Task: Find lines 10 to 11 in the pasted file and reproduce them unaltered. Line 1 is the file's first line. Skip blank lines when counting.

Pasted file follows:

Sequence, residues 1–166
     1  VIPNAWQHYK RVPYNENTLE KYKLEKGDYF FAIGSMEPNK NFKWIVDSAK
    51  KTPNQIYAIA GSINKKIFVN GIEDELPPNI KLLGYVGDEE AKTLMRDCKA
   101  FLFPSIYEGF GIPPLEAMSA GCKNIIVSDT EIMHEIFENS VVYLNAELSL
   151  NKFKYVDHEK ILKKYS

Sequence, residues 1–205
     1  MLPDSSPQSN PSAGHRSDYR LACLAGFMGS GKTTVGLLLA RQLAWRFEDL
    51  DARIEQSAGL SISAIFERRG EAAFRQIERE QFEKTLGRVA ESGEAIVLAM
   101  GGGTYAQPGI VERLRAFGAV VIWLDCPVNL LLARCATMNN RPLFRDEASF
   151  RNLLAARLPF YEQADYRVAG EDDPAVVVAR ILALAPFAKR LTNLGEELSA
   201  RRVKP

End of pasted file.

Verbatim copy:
   151  RNLLAARLPF YEQADYRVAG EDDPAVVVAR ILALAPFAKR LTNLGEELSA
   201  RRVKP